“Thank You, God”: Christian Acquitted of Blasphemy in Pakistan Arrives in Canada

By Thomas Kemper

May 10, 2019 | ATLANTA


I expressed gratitude to God last fall when the Supreme Court of Pakistan reversed the conviction of Asia Bibi, a Christian woman sentenced to death eight years earlier on spurious charges of blaspheming the Prophet Mohammad. I now add gratitude that Ms. Bibi has been allowed to leave Pakistan for safer residence in Canada. She arrived there with her husband on May 8, joining her children already in Canada. Thank you, God.

While exonerated of the blasphemy charge and freed in October 2018, Ms. Bibi had been in hiding and denied permission to leave the country in the wake of violent protests against the reversal of her conviction and a legal challenge of her release. The resolution of the challenge in her favor paved the way for her departure.

Ms. Bibi, a Catholic, was convicted in 2010 of violating Pakistan’s blasphemy law, which prohibits speaking ill of the Prophet Mohammed. The alleged offense occurred in a verbal dispute with a Muslim neighbor, who brought charges. Ms. Bibi was convicted and spent the major part of her eight years of incarceration in solitary confinement. Freeing her in such a case was a landmark judicial action in Pakistan.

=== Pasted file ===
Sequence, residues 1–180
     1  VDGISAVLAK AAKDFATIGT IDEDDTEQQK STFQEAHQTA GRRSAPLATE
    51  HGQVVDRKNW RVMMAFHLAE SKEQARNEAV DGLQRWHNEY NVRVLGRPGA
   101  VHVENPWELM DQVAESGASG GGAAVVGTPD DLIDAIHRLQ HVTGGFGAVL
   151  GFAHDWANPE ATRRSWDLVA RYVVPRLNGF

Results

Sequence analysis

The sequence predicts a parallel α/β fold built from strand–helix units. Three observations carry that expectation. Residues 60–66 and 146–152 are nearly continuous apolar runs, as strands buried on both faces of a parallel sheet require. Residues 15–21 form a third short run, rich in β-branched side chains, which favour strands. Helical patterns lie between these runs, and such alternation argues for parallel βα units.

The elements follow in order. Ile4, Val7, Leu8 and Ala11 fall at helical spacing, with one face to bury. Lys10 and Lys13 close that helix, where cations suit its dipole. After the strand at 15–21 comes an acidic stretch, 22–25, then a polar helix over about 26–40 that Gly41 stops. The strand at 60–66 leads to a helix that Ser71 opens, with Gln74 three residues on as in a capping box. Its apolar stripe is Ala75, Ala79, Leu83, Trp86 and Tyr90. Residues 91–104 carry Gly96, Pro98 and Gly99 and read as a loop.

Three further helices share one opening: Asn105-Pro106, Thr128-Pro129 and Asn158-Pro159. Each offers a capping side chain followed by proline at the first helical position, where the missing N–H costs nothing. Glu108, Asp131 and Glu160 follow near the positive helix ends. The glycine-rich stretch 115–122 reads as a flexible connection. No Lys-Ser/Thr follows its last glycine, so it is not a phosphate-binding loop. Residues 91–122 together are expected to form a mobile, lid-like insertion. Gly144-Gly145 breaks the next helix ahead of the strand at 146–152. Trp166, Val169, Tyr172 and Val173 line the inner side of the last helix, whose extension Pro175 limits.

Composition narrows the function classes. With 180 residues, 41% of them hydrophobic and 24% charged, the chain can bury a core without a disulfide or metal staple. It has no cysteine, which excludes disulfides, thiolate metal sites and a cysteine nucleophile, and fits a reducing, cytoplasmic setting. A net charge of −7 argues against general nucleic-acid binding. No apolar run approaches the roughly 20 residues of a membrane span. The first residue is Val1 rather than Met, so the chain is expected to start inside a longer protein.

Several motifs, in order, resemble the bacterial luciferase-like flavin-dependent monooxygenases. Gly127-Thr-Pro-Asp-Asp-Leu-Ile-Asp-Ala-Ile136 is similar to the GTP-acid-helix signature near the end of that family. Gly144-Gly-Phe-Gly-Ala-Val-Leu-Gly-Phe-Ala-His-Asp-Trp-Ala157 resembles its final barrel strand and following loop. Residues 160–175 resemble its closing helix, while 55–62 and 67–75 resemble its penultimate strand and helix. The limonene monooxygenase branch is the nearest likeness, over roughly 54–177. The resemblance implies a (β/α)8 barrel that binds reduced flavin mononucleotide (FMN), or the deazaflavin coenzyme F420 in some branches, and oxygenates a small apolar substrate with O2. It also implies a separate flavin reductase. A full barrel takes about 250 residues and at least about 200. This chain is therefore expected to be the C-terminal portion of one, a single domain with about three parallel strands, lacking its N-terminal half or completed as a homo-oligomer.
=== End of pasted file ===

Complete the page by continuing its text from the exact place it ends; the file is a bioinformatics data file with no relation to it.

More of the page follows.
Global Ministries has a long history of support for Pakistani Christian minority communities, which often suffer discrimination and violence.

I pray that God will watch over Ms. Bibi and her family in their new home and inspire us to care for all who, in many lands, suffer for their faith in Jesus Christ.

Kemper is the general secretary of Global Ministries.

 

 

More news and stories

Global Ministries and The Upper Room announce restructure of Buenos Aires regional office

Nearing the end of a three-year pilot plan, both agencies will make adjustments in their operations while remaining committed to continuing their presence in the region.

Implementing class meetings in Honduras

Methodists who live in Honduras revive the Wesleyan class meeting tradition to help members discern how to be the church in mission, even in the most challenging of contexts.

Church and Community Workers biennial gathering focuses on immigration and substance abuse ministries

United Methodist Church and Community Workers gather in California for their biennial meeting to celebrate and reconnect with their colleagues for mutual support and professional networking.

Sign up for Global Ministries and UMCOR emails